In what I assume is a moment of mischief, former NH Republican congressman Charlie Bass has penned a WaPo op-ed suggesting that Bernie Sanders’ robust poll numbers in NH may not matter because he will not be elgible to run for president in the Granite State as a Democrat. Here’s the logic:

[S]tate law makes clear that candidates must be registered members of the party on whose ballot line they wish to appear.

This is a problem for Sanders, who is not a registered Democrat. One might ask why the good senator can’t simply change his registration in his home state from socialist or independent to Democrat. The answer is that Vermont doesn’t have a party registration system, so he can’t. Similar issues arose with the candidacies of Al Gore and both George H.W. and George W. Bush because, like Vermont, Tennessee and Texas do not register voters by party. But Gore and the Bushes qualified for New Hampshire’s primary ballots because they could show that they had previously appeared on ballots as a Democrat and Republicans, respectively. In his last election, Sanders likewise won the Democratic primary in Vermont, but he declined the nomination and asked that his name not appear on the general election ballot as a Democrat.

In short, Sanders is not a Democrat, has not been elected as a Democrat, has never served as a Democrat and cannot plausibly claim, at least in New Hampshire, to be a Democrat.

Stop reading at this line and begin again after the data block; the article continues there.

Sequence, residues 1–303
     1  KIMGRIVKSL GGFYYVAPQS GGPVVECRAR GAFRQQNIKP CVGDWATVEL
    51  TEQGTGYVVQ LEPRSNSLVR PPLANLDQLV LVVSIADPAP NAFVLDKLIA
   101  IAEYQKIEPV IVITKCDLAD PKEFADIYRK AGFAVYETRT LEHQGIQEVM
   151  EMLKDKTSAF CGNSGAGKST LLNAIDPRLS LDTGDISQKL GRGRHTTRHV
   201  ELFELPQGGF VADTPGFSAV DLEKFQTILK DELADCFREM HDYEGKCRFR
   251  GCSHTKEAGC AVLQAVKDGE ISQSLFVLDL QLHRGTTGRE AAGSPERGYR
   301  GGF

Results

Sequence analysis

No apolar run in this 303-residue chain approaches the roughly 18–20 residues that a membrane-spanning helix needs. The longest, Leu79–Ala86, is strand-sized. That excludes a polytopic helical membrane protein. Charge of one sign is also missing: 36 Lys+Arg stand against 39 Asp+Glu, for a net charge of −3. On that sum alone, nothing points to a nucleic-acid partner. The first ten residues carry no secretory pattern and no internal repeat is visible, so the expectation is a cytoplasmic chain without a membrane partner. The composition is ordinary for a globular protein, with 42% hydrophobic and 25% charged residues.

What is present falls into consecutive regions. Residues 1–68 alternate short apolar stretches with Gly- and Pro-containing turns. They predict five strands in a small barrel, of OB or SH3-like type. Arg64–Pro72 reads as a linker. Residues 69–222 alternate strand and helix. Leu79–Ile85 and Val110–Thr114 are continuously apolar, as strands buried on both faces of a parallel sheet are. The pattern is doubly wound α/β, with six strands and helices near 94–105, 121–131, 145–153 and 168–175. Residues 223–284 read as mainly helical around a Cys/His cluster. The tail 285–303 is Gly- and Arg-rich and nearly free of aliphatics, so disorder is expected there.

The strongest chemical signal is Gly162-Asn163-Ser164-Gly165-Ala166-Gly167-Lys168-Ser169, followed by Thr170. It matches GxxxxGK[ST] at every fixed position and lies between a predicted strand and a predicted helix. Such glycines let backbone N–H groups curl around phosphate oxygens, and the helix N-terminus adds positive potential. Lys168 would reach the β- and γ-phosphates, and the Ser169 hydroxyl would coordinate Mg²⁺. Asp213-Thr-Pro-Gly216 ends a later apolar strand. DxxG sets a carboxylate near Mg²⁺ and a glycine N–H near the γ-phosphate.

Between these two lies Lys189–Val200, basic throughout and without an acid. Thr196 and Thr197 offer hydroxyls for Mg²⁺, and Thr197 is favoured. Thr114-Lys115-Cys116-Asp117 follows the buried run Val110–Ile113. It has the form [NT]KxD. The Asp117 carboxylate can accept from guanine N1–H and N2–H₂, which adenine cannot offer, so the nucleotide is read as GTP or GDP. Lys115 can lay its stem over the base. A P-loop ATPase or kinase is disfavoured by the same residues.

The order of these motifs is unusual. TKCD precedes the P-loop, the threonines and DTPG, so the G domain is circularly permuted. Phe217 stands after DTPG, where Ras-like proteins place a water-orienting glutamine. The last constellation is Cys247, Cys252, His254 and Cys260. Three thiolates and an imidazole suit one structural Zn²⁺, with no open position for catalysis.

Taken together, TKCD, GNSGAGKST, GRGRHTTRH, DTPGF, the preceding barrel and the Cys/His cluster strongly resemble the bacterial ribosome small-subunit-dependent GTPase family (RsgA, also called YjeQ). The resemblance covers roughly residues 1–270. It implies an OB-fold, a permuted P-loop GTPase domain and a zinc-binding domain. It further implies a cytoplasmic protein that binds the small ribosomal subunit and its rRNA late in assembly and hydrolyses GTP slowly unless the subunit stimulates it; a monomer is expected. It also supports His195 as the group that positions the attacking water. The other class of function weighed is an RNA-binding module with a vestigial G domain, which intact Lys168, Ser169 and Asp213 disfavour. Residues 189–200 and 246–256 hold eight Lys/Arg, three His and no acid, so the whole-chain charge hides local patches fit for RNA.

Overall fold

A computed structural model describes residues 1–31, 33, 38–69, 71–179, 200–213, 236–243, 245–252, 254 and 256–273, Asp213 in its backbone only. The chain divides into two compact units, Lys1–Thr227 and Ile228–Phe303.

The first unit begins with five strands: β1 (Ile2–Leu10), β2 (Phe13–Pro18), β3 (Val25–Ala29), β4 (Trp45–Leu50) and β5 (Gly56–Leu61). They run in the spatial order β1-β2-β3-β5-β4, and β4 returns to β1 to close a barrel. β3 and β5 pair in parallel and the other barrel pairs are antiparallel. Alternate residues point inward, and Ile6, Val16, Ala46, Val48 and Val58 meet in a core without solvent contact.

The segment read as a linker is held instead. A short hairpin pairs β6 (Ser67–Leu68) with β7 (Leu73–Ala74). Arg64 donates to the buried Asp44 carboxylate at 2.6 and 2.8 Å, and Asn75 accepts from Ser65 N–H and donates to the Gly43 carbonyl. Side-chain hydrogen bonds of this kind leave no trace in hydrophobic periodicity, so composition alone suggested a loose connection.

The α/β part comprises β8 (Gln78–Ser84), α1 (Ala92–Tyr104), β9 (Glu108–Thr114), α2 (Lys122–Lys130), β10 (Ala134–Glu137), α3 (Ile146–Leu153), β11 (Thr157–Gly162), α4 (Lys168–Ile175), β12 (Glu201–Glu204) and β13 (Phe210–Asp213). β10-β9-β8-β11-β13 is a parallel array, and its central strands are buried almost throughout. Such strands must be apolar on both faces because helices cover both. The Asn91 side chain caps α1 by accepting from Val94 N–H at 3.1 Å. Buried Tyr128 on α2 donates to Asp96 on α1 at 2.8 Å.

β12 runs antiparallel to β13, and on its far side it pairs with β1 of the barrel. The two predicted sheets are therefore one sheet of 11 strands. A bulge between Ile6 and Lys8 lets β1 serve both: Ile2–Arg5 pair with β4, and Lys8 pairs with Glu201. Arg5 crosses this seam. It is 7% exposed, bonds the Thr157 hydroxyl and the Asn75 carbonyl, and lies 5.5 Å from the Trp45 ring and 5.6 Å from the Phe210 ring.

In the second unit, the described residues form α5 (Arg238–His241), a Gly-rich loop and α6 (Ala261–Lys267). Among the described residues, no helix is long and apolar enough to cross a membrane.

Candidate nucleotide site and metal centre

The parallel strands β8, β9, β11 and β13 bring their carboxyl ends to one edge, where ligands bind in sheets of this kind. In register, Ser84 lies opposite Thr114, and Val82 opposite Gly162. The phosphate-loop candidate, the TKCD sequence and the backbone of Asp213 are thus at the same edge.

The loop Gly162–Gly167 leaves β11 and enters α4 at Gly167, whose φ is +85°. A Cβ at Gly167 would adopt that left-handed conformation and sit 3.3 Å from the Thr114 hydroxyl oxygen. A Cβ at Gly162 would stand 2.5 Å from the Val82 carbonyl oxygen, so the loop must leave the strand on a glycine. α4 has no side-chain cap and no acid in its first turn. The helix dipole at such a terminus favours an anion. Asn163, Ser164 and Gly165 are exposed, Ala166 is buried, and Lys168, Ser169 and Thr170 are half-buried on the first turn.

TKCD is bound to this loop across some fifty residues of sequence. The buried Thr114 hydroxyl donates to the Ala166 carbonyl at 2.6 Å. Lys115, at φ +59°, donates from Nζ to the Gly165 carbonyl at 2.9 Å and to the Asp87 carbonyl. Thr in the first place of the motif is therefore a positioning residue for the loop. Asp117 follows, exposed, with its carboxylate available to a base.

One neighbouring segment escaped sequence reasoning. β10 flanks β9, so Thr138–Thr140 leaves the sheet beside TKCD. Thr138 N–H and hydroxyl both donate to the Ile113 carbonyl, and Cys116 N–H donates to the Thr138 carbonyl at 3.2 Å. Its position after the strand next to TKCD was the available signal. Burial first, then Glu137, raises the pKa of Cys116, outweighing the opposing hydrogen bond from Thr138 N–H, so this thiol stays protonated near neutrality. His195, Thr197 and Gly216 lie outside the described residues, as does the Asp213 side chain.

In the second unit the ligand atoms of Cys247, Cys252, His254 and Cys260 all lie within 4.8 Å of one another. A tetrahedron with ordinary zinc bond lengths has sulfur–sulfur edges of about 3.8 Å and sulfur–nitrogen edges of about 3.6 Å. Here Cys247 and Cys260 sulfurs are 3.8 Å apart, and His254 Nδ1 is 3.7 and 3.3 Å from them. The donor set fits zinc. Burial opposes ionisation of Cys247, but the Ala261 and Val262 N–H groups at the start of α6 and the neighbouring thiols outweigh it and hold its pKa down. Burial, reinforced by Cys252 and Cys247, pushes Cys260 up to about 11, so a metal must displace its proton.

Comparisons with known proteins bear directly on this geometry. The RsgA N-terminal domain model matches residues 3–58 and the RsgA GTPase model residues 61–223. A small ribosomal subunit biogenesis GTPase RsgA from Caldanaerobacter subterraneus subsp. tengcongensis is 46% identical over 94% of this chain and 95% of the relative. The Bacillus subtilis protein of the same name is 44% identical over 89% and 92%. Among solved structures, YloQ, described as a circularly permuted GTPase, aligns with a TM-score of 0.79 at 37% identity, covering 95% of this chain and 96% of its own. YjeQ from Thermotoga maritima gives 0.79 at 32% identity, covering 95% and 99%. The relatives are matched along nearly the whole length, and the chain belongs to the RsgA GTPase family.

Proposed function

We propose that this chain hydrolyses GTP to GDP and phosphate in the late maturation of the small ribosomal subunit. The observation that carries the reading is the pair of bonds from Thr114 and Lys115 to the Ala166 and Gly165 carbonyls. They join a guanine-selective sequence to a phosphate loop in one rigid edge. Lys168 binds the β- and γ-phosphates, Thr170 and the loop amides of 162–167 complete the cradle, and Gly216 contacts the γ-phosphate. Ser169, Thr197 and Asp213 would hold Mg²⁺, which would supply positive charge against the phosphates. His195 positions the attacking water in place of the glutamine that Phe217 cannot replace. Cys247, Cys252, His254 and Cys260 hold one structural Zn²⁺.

According to Bass, a State Ballot Law Commission would rule on any challenge to Sanders’ ballot access, and he thinks it would be compelled to exclude Bernie. Presumably the courts could offer a way around the Commission; I’m not sure what the legal or constitutional rationale would be, but it would be a mite strange to hold that an independent could not contest a primary in which independent voters are allowed to participate. And even if Bernie was to be excluded, he could always run a write-in campaign (which have been known to succeed in NH, viz. Henry Cabot Lodge in 1964).

Whether or not Bass is pointing to a real problem in NH, it is a reminder that there could be issues for Sanders elsewhere, particularly in closed primary and caucus states deemed legally to be open only to registered Democrats. It would be a bit ironic if the candidate of people who view themselves as representing the “Democratic wing of the Democratic Party” wasn’t Democratic enough to get on the ballot. But if you insist on holding yourself apart from and above the corrupt, corporate-whore “centrists” of the Donkey Party, there may be consequences. And if you think it’s obvious Bernie qualifies, how would you feel about, say, Joe Lieberman running in Democratic presidential primaries after separating himself from that party in his last reelection campaign and by endorsing John McCain in 2008 (and nobody in 2012)?

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Ed Kilgore is a political columnist for New York and managing editor at the Democratic Strategist website. He was a contributing writer at the Washington Monthly from January 2012 until November 2015, and was the principal contributor to the Political Animal blog.